Design thinking

Designing Guest Emotions

Thomas Nilsson

As hospitality researchers seek alternative approaches toward understanding and enhancing customer experience, emotions have become the new frontier. Some recent service design work in hospitality settings demonstrates the strong impact emotions have on customer satisfaction, loyalty and willingness to pay more. “Guest emotions” has emerged as a future theme, gradually taking precedence over guest satisfaction as the ultimate goal of providers.

Guest emotions and design opportunities in relation to hotel stay experiences are the basis of this article.

We introduce a four-level model of emotional design for hotels that aims to clarify the relationships between offerings, design emphases and guest perception.

The Psychology of Being a Hospitality Consumer

When designing a hospitality experience, the designer looks at the construction of the whole service; its customer touch points, including face-to-face interaction, digital, self-service and the artifacts/environments that are important to the experience; and the service’s back end, including provision, maintenance and progression. A comprehensive understanding of all stakeholders is also important for the success of any service.


Whether dormant or conscious, the needs, aspirations and drivers of everyone involved in a service experience stem from an interplay between physical, cognitive and emotional factors – all factors equally important yet governed by the personality of each individual. New personality segmentation models divide people along such traits as openness, conscientiousness, extraversion, agreeableness, and neuroticism, also called the Big Five. Depending on the personality of the user, the response to any given experience may vary greatly. It’s imperative to have an understanding of different guest segment personality profiles as well as conflicts that may exist within different offerings. A neurotic parent may experience positive emotions if a hotel provides a basic children’s medical kit in the bathroom and contact details for a pediatrician. A conscientious environmental activist may appreciate a five-star hotel but feel guilty about the carbon footprint of his/her weekend stay.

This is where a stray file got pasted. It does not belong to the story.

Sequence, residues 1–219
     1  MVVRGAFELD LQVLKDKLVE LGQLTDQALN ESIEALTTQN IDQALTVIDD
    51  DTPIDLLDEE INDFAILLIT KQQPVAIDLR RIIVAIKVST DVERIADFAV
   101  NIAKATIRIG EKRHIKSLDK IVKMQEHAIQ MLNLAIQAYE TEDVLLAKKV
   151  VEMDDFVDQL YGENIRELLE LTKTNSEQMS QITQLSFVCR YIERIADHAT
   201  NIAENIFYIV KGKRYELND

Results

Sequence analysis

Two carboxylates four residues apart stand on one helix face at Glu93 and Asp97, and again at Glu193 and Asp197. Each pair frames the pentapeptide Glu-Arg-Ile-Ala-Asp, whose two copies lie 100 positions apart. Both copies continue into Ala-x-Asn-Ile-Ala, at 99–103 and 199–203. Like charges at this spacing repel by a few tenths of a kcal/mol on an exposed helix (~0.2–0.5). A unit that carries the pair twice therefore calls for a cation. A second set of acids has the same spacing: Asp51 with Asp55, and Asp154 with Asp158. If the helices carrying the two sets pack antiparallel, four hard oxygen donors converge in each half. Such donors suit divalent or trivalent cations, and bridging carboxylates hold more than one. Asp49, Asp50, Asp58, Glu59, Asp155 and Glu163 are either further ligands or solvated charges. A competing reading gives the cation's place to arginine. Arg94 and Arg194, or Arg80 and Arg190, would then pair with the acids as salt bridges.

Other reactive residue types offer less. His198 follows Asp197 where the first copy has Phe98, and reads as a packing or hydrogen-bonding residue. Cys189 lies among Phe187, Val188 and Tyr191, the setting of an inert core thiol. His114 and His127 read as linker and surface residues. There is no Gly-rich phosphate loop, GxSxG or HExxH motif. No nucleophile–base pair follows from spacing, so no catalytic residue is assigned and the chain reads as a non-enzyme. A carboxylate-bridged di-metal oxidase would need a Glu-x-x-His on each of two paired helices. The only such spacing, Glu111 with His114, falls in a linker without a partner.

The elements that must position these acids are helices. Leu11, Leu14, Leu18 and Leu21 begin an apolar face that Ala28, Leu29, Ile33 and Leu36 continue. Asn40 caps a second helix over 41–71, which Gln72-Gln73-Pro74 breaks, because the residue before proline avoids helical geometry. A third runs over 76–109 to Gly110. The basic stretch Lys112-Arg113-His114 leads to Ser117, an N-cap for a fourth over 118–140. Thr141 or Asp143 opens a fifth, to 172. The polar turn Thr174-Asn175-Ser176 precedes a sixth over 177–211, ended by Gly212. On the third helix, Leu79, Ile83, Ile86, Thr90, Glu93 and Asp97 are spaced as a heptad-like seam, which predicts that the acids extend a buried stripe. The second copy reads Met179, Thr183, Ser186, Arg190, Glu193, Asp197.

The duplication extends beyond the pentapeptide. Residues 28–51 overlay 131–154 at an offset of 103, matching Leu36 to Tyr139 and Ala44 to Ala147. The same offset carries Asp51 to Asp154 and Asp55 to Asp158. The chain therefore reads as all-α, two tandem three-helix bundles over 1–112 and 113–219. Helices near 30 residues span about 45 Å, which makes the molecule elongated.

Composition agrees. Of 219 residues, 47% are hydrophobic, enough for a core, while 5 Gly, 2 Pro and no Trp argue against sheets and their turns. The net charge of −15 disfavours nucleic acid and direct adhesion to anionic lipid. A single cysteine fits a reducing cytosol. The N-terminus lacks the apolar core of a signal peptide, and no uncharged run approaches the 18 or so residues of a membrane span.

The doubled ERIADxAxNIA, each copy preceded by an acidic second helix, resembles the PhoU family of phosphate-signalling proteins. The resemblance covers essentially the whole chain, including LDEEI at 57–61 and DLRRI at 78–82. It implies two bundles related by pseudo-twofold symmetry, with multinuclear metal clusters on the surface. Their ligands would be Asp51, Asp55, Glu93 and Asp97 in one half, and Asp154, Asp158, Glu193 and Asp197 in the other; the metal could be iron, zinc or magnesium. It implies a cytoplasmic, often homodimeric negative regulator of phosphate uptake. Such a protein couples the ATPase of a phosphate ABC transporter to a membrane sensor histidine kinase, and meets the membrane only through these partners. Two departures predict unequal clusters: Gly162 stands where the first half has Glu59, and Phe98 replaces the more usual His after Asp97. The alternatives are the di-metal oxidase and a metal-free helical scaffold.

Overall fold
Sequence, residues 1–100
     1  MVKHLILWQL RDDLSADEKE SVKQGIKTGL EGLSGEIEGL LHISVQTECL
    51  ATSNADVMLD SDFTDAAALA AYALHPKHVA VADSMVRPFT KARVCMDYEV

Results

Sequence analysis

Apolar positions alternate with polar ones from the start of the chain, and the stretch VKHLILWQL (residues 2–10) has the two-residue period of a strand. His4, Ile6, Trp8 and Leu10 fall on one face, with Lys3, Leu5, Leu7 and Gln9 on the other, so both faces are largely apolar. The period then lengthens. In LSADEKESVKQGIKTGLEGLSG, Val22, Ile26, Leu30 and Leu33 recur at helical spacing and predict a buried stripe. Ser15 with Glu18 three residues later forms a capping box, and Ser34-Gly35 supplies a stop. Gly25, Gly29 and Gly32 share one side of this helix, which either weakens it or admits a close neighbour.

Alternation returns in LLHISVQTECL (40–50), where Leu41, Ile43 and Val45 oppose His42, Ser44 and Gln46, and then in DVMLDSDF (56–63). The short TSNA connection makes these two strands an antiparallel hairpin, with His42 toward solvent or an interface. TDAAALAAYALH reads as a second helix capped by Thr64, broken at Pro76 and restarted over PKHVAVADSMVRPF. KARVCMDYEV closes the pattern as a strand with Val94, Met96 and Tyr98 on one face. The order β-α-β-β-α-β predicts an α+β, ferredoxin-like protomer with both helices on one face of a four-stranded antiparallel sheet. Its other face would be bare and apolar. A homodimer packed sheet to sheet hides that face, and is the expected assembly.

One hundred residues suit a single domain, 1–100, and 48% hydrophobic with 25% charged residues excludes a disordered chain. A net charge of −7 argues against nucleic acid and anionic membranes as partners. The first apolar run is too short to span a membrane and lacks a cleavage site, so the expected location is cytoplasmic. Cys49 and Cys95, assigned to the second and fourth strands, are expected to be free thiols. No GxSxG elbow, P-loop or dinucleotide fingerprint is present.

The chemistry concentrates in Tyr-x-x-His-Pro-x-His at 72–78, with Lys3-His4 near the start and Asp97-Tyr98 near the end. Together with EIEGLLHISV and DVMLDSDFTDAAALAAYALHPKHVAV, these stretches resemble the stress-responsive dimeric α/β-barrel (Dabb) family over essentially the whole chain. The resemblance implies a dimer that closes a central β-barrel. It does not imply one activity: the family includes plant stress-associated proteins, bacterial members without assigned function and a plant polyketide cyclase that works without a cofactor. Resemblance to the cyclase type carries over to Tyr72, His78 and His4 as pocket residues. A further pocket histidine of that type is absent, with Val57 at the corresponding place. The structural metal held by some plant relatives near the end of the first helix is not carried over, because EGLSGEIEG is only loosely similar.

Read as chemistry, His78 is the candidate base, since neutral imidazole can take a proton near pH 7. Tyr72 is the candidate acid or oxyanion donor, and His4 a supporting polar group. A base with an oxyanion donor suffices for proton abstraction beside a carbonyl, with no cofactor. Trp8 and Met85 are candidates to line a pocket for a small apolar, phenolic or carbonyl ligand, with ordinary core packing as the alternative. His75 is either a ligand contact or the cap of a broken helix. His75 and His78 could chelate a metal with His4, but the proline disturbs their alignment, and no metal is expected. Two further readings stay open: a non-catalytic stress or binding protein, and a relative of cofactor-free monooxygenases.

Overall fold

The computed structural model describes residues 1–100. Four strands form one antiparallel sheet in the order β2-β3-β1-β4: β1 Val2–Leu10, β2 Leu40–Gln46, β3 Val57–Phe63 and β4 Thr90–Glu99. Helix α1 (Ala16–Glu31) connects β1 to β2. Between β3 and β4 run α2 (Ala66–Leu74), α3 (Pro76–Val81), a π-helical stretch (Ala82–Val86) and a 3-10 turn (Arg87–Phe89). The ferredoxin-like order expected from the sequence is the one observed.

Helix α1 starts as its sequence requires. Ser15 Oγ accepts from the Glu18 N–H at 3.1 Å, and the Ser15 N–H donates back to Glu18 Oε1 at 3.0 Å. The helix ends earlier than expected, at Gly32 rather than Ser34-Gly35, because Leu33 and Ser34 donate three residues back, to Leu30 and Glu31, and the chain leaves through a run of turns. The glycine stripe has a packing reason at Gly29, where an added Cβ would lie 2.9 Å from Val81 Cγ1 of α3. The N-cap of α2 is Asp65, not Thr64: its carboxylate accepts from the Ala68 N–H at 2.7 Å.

Four Emotion Strategies

In this model created by Kathy Pui Ying Lo at Loughborough University and adopted by Veryday, we show four emotion strategies (functional, sensorial, experience and meaning) that shape the customer relationship (from transactional to relational), and the associated attributes that evoke emotions.

Bare essentials (Subtractive)

The primary aim of this strategy is to reduce guest costs and hotel operational costs. A guest’s basic needs are provided for and the intended emotional outcome is pleasant, positive, calculative emotions, i.e., the happiness of saving money yet having a convenient place to stay.

Value added (Additive)